Improving the combustion system

Rotary kiln combustion systems consume a great deal of energy (up to 200 MW of power) and can be highly inefficient. This inefficiency can be attributed to poor management and operation of the combustion burner, fuel and products. Inefficiency can be traced to factors such as a poorly tuned ignition system, incomplete combustion with significant CO formation, or combustion with excess air, which reduces the amount of energy transferred to the load.

Also, dual- and even triple-energy kilns, which frequently switch between burning natural gas, coal and other raw materials, must control combustion as well as management of different fuels, primary and secondary air, and transitions between different energy sources, to maintain a flame temperature and length that will not affect product quality (bearing in mind that each fuel has different flame properties). In addition, the combustion control system must coordinate flame operation and temperature with load temperature throughout the heating process. The product’s maximum temperature is the main control parameter for the rotary kiln process. Inaccurate or highly variable peak temperatures at the product discharge point can result in production inefficiencies and diminished product quality or yield, as well as wasted fuel and damaged equipment.

These challenges, combined with severe operating conditions, demand the use of specialized high-performance pyrometers (short-wave) that can be plugged directly into the programmable logic controller (PLC) to maximize kiln efficiency. The diagram below (Figure 4a) shows a dual-energy combustion system that can be deployed with an advanced air-fuel mixture control system.

Figure 4a: Automated combustion system with enhanced air/fuel mixture modulation.

Combined heat and power

Combined heat and power (CHP) also has tremendous potential for harnessing thermal energy from rotary kiln chimneys. In the cement industry, for example, approximately 35% of energy used is estimated to be lost in residual process streams. A combined heat and power system can produce steam to power turbines by recovering this “lost” energy. The turbines then transfer mechanical energy to generators, which in turn generate electricity. The main technical advantage of CHP systems is their ability to improve fuel efficiency for power generation and bolster the power system.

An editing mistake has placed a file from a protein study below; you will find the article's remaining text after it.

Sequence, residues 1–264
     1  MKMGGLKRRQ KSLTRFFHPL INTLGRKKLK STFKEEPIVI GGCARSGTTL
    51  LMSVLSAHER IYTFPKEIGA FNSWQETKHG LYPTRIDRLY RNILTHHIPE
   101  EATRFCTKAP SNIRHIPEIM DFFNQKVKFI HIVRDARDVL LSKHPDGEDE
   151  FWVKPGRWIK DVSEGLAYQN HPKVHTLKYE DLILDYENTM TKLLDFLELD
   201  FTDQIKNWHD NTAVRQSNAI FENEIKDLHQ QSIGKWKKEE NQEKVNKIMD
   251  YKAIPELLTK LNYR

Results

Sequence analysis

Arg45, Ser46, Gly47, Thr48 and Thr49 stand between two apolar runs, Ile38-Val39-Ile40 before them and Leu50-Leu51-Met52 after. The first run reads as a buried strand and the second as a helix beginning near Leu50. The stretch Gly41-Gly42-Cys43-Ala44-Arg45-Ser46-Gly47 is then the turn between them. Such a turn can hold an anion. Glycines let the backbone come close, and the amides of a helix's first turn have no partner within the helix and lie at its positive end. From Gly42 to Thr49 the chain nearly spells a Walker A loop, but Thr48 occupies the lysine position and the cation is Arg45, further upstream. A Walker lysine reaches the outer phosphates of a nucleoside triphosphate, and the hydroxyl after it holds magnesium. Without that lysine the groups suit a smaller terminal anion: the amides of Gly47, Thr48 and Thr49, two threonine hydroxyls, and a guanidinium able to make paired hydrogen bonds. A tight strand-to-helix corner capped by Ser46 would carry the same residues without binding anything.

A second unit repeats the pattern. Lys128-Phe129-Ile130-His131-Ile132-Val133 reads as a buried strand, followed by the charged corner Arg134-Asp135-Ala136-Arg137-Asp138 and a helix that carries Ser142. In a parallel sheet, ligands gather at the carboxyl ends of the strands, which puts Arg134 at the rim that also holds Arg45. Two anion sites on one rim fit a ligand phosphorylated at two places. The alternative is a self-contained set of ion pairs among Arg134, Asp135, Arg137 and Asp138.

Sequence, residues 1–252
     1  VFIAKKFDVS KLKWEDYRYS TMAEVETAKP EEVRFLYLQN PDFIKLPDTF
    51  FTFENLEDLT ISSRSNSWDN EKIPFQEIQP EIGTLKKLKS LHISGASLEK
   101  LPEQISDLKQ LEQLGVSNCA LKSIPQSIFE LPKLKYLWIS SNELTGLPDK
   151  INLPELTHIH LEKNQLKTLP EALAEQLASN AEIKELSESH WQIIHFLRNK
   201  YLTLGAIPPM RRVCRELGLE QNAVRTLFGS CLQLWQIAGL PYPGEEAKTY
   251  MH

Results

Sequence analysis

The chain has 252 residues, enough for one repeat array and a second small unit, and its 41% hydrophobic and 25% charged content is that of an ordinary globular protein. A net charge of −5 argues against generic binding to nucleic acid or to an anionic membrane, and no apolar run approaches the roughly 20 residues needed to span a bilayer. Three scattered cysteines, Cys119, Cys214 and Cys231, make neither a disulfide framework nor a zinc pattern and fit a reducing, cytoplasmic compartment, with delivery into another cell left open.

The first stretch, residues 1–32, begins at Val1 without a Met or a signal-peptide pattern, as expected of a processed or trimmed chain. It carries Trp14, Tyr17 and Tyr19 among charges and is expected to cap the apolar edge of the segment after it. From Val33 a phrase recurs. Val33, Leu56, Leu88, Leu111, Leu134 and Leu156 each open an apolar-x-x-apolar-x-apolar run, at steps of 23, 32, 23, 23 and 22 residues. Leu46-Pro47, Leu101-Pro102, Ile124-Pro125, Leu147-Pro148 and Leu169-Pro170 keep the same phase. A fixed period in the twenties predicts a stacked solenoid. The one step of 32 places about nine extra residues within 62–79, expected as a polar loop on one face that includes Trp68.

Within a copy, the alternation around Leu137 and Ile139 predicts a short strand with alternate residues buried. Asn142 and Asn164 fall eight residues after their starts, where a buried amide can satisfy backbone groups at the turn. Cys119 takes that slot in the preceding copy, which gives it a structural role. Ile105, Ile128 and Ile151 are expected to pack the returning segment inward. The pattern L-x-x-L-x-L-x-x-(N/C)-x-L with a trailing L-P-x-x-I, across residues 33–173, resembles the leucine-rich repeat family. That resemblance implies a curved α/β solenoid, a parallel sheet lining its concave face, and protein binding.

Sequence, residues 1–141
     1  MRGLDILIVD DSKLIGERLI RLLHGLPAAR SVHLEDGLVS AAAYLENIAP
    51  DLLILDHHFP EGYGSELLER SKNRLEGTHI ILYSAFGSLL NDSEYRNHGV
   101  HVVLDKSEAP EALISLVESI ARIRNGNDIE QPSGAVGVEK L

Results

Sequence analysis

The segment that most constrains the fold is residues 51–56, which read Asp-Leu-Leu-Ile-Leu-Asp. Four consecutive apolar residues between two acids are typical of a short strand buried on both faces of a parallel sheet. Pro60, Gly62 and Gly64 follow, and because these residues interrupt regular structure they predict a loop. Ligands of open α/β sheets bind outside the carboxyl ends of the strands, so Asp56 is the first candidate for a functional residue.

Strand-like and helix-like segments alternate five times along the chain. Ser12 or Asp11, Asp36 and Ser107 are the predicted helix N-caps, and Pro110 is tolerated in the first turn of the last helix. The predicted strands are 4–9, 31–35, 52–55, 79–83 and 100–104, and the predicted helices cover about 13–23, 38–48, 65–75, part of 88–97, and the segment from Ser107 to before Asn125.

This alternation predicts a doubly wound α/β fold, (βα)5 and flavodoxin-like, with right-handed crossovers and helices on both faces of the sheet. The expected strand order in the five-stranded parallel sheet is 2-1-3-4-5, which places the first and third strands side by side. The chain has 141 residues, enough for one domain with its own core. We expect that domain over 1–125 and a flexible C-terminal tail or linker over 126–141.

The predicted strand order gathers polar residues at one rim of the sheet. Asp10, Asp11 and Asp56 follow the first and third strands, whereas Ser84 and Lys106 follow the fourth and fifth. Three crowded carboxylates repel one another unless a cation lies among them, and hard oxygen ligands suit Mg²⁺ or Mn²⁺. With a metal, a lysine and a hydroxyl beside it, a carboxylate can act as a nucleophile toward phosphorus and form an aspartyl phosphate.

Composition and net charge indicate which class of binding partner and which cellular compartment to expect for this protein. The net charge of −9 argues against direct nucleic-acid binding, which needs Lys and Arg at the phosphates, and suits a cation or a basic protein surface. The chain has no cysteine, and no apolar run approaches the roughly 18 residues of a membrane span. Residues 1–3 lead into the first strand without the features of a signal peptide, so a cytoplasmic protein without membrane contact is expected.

In technical terms, a CHP plant can make use of the Organic Rankine Cycle (ORC). This cycle is based on a turbine generator that operates as a conventional steam turbine to transform thermal energy into mechanical energy and then into electrical energy via an electrical generator. Instead of producing steam from water, the ORC system vaporizes an organic working fluid, which results in slower turbine rotation, lower pressures, and no erosion of metal parts or blades. In addition, ORC systems can be used at different source temperatures (even below 100°C by selecting a suitable operating fluid). They are also available in a wide range of sizes (up to 20 MW per shaft). Finally, they are very easy to integrate into existing systems (for example, to recover waste heat in industrial processes), which benefits factories that focus mainly on their production activities.

Rotary kilns are therefore important sources of energy that can not only sustain a factory’s operations and lower energy costs, but also shore up power systems in a world where electrification is increasingly being used for decarbonization.

Figure 4b: Williamson two-colour short-wavelength pyrometers use narrowband wavelengths to see through severe optical obstructions while the protective cooling jacket prevents damage to the pyrometer.
Figure 5: Organic Rankine Cycle Process (ORC)


As energy prices climb and factories become increasingly energy intensive, we must focus on solutions that optimize the energy efficiency of equipment to not only make factories more efficient but also generate electricity in order to make the grid more reliable and make more power available. Énergir provides leading-edge expertise, advice and technical support, plus substantial grants through its energy efficiency program, to customers who want to move a step closer to decarbonization.

Omar El-Rouby.
Senior advisor, Energy expertise